Thursday 5 December 2019

Pilot who ditched in sea praised by investigators

Nicola Anderson

A light aircraft pilot who was forced to ditch his new plane in the Irish Sea has been praised by air accident investigators for his flying skills and initiative, which allowed him to land safely in difficult and demanding conditions.

An official investigation into the emergency yesterday found that the plane was forced down by engine failure.

However, the air accident investigator's report warned that pre-flight checks carried out on the aircraft were not sufficiently thorough.

John O'Shaughnessy, from Foulksmills, Co Wexford, was flying his two-seater plane from Wales to Wexford on August 11, 2009, when the emergency occurred -- close to the scene of Ireland's worst-ever aviation accident, when 61 lives were lost in the Tuskar air disaster in 1968.

Mr O'Shaughnessy executed a "belly land" in relatively flat seas off Tuskar Rock while flying his new plane from Wales and was just 15 minutes from his destination -- an airstrip in Wexford -- when the incident occurred.

After the near textbook sea landing, the 53-year-old clambered out of the cockpit on to a wing of the Avid Speedwing and was airlifted to safety.

Air accident investigators found the engine had stopped without warning.

Charity rowers on board the British Orchid boat videoed the dramatic crash landing in the Irish Sea and were amazed to see the pilot clamber from the wreckage.

Some of the team had initially dismissed the sighting as nothing more than a diving seagull.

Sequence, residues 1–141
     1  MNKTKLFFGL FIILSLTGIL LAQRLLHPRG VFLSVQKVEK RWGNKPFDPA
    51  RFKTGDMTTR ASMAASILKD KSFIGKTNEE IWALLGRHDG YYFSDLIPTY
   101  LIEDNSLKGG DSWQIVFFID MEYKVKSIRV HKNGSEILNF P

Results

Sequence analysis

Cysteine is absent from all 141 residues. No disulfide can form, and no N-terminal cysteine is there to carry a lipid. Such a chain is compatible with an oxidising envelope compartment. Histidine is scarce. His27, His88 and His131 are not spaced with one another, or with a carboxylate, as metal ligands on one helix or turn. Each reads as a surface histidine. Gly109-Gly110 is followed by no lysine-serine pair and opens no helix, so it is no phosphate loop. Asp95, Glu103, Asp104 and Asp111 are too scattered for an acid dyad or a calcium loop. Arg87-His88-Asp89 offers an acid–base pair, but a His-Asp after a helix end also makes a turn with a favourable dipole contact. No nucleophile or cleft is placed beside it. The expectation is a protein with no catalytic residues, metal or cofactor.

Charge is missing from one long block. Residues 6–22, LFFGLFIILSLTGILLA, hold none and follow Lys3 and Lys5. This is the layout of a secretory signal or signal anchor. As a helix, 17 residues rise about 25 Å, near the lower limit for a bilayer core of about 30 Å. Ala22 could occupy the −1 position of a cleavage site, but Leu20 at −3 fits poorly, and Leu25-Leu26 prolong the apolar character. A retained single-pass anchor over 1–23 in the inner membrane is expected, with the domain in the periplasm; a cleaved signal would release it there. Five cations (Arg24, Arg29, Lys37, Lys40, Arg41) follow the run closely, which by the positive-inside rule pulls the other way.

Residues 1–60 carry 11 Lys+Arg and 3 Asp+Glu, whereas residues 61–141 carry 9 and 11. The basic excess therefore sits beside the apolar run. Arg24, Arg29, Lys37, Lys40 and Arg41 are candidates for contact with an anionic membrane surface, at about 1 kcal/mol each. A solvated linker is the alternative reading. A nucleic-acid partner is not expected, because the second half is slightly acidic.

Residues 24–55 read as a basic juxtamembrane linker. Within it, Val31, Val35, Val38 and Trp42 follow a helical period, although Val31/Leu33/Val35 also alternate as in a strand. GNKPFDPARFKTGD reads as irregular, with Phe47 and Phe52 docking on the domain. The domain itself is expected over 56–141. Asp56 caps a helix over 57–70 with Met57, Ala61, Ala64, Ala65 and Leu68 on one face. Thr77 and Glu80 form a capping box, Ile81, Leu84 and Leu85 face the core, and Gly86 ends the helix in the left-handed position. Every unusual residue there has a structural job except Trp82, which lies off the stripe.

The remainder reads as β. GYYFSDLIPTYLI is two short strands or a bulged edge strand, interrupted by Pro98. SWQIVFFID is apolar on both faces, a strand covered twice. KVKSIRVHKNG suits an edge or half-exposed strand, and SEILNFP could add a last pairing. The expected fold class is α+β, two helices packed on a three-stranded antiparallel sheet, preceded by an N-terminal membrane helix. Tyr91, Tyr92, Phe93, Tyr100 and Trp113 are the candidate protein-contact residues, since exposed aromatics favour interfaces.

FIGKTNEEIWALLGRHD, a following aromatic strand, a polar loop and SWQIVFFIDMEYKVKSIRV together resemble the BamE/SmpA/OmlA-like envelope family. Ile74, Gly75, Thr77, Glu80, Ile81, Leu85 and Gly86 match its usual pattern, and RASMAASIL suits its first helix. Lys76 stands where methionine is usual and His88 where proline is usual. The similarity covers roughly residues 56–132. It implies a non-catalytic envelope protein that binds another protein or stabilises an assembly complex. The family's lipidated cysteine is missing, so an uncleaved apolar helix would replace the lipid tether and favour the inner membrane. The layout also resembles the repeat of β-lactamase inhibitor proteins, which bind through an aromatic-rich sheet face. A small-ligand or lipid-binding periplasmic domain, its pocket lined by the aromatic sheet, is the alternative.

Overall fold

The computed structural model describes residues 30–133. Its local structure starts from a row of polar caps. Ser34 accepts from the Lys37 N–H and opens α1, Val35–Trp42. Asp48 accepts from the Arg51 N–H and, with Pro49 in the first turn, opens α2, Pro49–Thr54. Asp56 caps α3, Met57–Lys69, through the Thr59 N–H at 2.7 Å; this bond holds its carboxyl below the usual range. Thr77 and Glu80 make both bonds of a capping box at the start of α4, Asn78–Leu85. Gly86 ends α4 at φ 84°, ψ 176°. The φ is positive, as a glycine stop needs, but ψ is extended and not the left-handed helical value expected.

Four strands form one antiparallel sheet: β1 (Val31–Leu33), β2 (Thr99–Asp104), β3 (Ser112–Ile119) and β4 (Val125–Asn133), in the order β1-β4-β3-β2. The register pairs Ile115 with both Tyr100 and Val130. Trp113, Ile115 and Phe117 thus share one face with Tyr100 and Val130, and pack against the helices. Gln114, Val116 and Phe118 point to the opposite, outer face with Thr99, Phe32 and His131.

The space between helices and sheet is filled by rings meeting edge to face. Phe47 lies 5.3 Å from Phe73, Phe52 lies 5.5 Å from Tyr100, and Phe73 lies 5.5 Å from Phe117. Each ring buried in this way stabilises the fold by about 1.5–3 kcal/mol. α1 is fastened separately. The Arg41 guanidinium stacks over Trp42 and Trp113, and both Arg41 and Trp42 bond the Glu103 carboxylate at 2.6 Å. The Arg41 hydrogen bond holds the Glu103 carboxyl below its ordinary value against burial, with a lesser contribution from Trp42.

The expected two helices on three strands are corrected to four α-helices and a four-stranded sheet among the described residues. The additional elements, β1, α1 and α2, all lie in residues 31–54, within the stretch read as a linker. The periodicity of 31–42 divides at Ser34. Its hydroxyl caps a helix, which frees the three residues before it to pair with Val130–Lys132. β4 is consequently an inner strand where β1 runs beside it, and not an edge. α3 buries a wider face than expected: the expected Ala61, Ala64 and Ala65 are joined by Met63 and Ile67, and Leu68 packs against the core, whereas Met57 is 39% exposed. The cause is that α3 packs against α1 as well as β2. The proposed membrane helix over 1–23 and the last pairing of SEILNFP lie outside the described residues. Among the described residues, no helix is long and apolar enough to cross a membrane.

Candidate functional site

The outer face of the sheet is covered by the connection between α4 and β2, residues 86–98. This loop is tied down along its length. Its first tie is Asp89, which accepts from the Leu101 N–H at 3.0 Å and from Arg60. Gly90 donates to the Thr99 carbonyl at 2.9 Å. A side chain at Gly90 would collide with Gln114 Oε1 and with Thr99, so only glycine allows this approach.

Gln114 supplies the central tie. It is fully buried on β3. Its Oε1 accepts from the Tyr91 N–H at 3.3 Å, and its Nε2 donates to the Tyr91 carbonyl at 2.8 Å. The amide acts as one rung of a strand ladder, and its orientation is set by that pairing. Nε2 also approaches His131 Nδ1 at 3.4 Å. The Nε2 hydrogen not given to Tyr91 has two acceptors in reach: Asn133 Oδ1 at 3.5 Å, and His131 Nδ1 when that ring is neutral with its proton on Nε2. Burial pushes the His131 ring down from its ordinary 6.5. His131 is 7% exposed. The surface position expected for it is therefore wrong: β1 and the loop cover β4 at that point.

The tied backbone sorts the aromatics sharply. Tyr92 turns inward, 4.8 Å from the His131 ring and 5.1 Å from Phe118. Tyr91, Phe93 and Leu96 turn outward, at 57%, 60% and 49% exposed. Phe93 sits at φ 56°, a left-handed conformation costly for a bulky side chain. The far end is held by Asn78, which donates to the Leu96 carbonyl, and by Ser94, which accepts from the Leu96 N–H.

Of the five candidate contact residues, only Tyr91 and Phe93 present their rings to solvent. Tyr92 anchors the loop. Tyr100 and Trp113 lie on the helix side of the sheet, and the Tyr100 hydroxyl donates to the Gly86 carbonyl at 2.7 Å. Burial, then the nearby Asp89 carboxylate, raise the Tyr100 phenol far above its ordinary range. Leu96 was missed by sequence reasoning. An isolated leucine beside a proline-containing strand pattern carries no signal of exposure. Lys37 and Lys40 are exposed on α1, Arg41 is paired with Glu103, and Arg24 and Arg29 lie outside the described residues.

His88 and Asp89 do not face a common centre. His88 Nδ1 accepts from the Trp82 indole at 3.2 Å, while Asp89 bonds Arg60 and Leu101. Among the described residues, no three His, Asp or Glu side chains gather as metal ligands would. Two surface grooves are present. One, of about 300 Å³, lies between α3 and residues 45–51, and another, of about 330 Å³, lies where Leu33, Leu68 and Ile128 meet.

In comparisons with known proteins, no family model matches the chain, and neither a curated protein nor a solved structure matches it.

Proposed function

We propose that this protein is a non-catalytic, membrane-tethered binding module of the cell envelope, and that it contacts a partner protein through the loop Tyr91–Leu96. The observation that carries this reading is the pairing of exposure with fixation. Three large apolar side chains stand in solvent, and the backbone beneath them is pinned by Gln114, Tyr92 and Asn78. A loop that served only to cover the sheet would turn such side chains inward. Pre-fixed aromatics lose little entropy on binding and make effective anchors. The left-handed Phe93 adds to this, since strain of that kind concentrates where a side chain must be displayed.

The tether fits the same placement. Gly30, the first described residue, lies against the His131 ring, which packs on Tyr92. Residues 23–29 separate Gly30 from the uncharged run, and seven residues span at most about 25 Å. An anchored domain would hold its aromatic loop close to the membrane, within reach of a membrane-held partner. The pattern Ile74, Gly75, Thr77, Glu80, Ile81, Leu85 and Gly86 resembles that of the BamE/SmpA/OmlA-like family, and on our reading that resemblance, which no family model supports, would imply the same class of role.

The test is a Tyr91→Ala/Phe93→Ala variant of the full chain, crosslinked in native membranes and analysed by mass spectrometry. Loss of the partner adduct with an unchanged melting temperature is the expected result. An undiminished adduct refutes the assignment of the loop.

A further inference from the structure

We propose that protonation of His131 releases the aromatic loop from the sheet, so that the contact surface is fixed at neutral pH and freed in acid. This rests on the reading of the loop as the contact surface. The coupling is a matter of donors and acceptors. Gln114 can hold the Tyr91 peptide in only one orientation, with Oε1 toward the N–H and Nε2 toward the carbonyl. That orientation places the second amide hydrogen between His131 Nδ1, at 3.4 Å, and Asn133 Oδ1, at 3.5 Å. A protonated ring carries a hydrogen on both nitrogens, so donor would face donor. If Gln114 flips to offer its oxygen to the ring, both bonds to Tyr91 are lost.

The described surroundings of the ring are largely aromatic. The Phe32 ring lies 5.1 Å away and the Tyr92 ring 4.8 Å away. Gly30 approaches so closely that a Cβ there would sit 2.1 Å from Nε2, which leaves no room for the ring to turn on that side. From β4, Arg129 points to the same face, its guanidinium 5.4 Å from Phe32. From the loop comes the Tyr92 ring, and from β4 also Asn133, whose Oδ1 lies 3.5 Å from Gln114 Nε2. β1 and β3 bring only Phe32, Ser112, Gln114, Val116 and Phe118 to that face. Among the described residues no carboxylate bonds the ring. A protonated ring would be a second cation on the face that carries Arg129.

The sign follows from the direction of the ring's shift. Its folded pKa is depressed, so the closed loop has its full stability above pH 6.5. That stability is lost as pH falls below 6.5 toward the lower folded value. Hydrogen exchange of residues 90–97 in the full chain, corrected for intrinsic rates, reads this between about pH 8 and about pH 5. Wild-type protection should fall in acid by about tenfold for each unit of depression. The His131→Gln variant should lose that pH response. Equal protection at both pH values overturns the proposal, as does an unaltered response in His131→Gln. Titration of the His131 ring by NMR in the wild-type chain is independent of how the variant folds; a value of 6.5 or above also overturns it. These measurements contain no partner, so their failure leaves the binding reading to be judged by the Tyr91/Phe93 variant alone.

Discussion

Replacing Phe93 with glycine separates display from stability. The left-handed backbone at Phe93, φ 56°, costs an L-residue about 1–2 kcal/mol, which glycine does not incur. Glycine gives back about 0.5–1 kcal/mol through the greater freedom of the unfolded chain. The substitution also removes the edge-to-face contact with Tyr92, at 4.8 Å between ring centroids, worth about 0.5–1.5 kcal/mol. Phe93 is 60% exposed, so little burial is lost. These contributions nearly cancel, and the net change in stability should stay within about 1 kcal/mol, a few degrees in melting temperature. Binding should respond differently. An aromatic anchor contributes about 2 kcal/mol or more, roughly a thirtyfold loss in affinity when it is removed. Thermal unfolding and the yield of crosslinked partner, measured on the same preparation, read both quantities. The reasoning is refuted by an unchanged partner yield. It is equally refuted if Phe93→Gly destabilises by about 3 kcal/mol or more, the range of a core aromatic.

They rowed to Mr O'Shaughnessy, who had put on a survival suit before getting into the plane, and waited near him until a Coast Guard helicopter arrived.


The aircraft had been flown for 243 hours before the accident and the pilot had 152 hours' flying time and was fully licensed.

Mr O'Shaughnessy, who is originally from Co Clare, had only flown the plane once -- six months earlier -- before attempting the trip across the Irish Sea from Haverfordwest in Pembrokeshire to an airfield run by the Society of Amateur Aircraft Constructors, near Taghmon village.

Mr O'Shaughnessy was treated for shock and hypothermia but was discharged from hospital within a few hours of the crash.

Air accident investigators said: "The actual ditching was successfully carried out by the pilot, despite the fact that he was not particularly familiar with the aircraft."

They also said he should have submitted a flight plan.

Their report found the engine stopped after 55 minutes of flying time and was "probably due to fuel starvation relating to a fuel-vapour related problem".

"The pilot immediately selected the other fuel tank and attempted to restart the engine," the report read.

"With the aircraft descending through 900ft the restart attempt was abandoned and a successful ditching was carried out. The pilot was not injured."

Investigators assessed the damage to the plane after it was towed to Carna beach in Wexford and they found it substantially intact. But due to salt- water damage the aircraft was "a write-off".

Irish Independent

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